The impact of high- or low-fat cafeteria foods on nutrient intake and growth of rats consuming a diet containing 30% energy as fat

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Abstract

The objective of this study was to determine the impact of high-fat and low-fat cafeteria foods on energy intake and body composition of growing rats. Two sets of 30 male Sprague-Dawley rats weighing either 90 g or 280 g, were each divided into two groups of eight and two groups of seven animals, matched for average weight. All animals were offered a semi-purified diet containing 30% kJ fat. After ten days, initial body composition, carcass energy and serum lipids, insulin and glucose were determined in seven rats from each age group. Seven rats in each age group continued to receive the semi-purified diet ad libitum, eight received semi-purified diet plus one high-fat cafeteria food each day and eight received semi-purified diet plus one low-fat cafeteria food each day. After 38 days, body composition, efficiency of energy retention and serum lipids, insulin and glucose were determined. Food and energy intakes were greater for rats offered cafeteria foods compared with controls. Those given low-fat foods ate the greatest quantity of food but those fed high-fat foods had the highest energy intake. High-fat foods increased fat intake to approximately 43% of energy. Low-fat foods decreased fat intake to approximately 24% kJ. There was no effect of treatment on weight gain or lean body mass of either age group. Young rats fed low-fat cafeteria foods had less body fat than their controls. There was no significant increase in body fat content of rats fed high-fat cafeteria foods. Older animals fed high-fat foods had higher serum insulin and lower serum cholesterol than their controls. The results of this study suggest that replacing high-fat snack foods with low-fat or fat-free counterparts may reduce total fat and energy intake without changing rate of weight gain or deposition of lean tissue during growth.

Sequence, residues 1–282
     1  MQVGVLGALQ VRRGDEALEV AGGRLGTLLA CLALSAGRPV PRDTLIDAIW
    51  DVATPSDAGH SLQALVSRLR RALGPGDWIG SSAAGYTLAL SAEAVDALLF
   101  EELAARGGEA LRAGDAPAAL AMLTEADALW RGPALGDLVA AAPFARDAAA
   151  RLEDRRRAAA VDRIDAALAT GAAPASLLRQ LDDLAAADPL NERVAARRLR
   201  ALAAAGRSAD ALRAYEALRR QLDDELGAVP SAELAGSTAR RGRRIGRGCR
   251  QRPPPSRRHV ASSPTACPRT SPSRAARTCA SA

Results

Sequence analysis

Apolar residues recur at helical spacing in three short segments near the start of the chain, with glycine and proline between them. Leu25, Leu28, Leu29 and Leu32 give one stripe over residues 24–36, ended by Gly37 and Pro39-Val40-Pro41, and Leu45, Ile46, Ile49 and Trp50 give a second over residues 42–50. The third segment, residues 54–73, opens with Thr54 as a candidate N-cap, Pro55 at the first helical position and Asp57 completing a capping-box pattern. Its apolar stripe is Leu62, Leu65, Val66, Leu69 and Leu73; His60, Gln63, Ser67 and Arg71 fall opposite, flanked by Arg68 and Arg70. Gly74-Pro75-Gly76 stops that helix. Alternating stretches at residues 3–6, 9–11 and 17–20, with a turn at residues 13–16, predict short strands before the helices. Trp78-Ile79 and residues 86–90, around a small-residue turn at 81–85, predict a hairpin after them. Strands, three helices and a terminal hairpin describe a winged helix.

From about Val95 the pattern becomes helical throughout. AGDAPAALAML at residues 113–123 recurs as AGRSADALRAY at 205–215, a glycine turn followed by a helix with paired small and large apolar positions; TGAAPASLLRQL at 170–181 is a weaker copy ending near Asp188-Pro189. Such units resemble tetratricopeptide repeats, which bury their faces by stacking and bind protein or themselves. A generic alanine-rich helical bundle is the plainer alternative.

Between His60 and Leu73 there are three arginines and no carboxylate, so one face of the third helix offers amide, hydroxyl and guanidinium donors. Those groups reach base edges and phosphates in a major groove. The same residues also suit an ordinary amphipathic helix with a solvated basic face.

Original languageEnglish (US)
Pages (from-to)307-315
Number of pages9
JournalInternational Journal of Obesity
Volume17
Issue number6
StatePublished - Jan 1 1993

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low fat foods
high fat foods
nutrient intake
Fats
Diet
Food
rats
energy
lipids
Growth
diet
energy intake
fat intake
body composition
insulin
blood lipids
body fat
Energy Intake
weight gain
snack foods

Keywords

  • Fat intake
  • Growth
  • Rats

ASJC Scopus subject areas

  • Medicine (miscellaneous)
  • Endocrinology, Diabetes and Metabolism
  • Nutrition and Dietetics

Cite this

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title = "The impact of high- or low-fat cafeteria foods on nutrient intake and growth of rats consuming a diet containing 30{\%} energy as fat",